WHAT WE’RE DOING

Midmorning (9-11 a.m.) – First hour: Conventional wisdom has long held that humans are by nature materialistic and self-interested. But Scholar and writer Jeremy Rifkin argues in his new book that science is forcing us to rethink this notion, and that the growth of human empathy could help solve the problems that confront the world.

Second hour: The FDA will soon hold a public hearing about the safety of Avandia, a widely-used diabetes drug. We’ll talk about how the drug is used, what the alternatives are, and how the health care system is prepared for the millions of Americans who will develop type 2 diabetes in coming years.

Midday (11 a.m. – 1 p.m.) – First hour: New Minnesota chief justice Lorie Gildea is in studio to answer questions about the court. July 1 is her first day as chief justice.

Second hour: Award-winning author Kate DeCamillo.

Talk of the Nation (1-3 p.m.) – First hour: As many states begin the new budget year, July 1 brings painful cuts. Jobs, pensions, police and fire houses, medical and social services, schools and universities are all on the chopping block. The first day of another state budget crisis. In this economy, Is anything safe?

Second hour: Jere Van Dyk walked into the mountains of Pakistan, to write the book about the Taliban, and ended up a captive. He joins Neal Conan and shares his story of being held captive by the Taliban

Trivia answer: Canada is 143 years old today.

  • http://www.skyseastone.net/jvstin/ Paul W

    That picture of the police officeris almost demanding a caption contest!

    A much needed bit of levity today, Mr. Collins!

  • Heather

    Bob, it looks like you’ve used some invisible ink on your hydrangea. You are obviously a spy.

  • BJ

    At least Ms. Gugig didn’t say they couldn’t be spy’s because they made great Jell-o :)

  • http://www.fatswimbikerun.blogspot.com Kassie

    Regarding health care as a right, I submit the Declaration of Independence:

    “We hold these truths to be self-evident, that all men are created equal, that they are endowed by their Creator with certain unalienable Rights, that among these are Life, Liberty and the pursuit of Happiness. — That to secure these rights, Governments are instituted among Men, deriving their just powers from the consent of the governed, — That whenever any Form of Government becomes destructive of these ends, it is the Right of the People to alter or to abolish it, and to institute new Government, laying its foundation on such principles and organizing its powers in such form, as to them shall seem most likely to effect their Safety and Happiness.”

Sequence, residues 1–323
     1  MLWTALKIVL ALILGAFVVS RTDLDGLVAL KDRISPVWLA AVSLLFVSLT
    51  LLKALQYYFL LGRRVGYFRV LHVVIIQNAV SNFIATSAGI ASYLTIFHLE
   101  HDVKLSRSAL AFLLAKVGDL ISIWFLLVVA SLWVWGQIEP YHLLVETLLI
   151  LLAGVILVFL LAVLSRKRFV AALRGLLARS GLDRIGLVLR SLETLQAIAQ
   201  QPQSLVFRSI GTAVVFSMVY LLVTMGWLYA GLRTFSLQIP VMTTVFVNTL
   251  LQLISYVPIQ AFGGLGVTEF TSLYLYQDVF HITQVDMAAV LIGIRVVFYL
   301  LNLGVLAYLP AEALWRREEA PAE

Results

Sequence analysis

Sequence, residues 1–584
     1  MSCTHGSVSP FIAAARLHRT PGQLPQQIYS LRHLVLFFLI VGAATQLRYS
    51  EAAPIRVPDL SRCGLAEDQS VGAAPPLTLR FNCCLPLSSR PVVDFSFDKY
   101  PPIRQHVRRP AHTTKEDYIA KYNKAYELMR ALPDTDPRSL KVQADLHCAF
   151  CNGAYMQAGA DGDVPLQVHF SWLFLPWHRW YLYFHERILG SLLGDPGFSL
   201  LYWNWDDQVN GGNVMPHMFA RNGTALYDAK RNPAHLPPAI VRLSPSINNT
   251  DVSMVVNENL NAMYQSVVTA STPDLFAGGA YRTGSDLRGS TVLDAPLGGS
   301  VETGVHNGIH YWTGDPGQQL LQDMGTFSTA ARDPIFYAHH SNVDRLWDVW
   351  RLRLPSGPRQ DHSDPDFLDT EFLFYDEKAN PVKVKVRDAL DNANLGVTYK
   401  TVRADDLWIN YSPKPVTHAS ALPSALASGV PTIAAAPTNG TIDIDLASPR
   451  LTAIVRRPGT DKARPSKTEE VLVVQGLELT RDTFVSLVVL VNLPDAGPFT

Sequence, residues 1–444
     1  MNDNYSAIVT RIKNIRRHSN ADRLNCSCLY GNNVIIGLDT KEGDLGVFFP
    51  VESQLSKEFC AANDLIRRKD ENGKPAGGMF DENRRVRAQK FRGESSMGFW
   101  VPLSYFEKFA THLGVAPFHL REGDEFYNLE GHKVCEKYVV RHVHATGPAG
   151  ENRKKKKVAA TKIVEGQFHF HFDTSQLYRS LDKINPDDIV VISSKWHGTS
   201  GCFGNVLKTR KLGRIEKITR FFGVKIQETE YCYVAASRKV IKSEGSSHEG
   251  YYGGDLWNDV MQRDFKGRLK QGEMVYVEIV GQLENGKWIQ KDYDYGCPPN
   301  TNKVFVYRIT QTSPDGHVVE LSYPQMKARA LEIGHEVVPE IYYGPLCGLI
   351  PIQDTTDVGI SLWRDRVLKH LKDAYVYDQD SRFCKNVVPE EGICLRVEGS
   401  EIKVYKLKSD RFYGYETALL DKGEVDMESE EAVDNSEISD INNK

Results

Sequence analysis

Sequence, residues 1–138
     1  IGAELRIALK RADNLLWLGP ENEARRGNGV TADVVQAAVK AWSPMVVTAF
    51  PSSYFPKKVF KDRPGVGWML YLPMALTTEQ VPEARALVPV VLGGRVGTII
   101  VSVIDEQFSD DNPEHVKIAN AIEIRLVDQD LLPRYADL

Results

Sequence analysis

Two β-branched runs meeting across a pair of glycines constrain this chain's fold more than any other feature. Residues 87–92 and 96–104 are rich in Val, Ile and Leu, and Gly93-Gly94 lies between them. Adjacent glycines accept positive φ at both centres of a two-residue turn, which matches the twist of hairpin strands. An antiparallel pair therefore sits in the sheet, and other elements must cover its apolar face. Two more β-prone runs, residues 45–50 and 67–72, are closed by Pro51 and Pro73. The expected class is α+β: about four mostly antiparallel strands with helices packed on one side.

So, if our government doesn’t protect our unalienable rights of Life, Liberty and pursuit of Happiness, then we should shut it down and start another. I’d suggest that Life and pursuit of Happiness are hard to obtain without health coverage in our society. In fact we see people dying often in our society, not because the medical knowledge isn’t there, but because people can’t find ways to access it.

  • David

    “Do cops dust for fingerprints anymore?”

    Not unless it’s a serious crime like rape or murder. My last house had a break in and an attempted break in and the thieves left footprints in the fresh snow right to their front porch. The police still did nothing, they said the criminals would just say the thief had the same shoes as them and attempted to break into their house too. Lovely.

  • nicki

    Cops do still dust for fingerprints. Our house was broken into in January. A couple of weeks later I noticed fingerprints on the TV (left behind as we suspect the thieves were startled off) that I didn’t remember. The policeman came back to dust, but they were too smudged to be useful.

    And, David, they looked for tracks in the yard, but the snow was too icy and packed to keep shoe prints.

  • http://www.fatswimbikerun.blogspot.com Kassie

    Nicki, you clearly don’t live in Minneapolis. Not only did they not dust for fingerprints when I was broken into, they didn’t look around the house or even go near the window they smashed (and unscrewed the security bars on and kicked in). They just wanted to write up the report needed and get out.

  • nicki

    You’re right – I’m in St. Paul. Even though my dad is a retired police officer (a good cop from out of state), I have long been skeptical of police. But – when we had our break-in, they were there in a flash and walked through my entire house with me to ensure everything was safe. The most amazing part was when we got a call three months later to let us know they had recovered some of our stolen property at a pawn shop, and we could come on down and pick it up.

  • Bob Collins

    My mom’s (89 year old) house was broken into while she was sleeping and they took her lifeline computer and other stuff . They grabbed her jewelry and the previous computer several weeks earlier.

    My nephew followed a path in the tall grass which went to house up the street, called the cops and — as was relayed to me — they didn’t bother coming, having already been out to take the report.

    More processing than policing.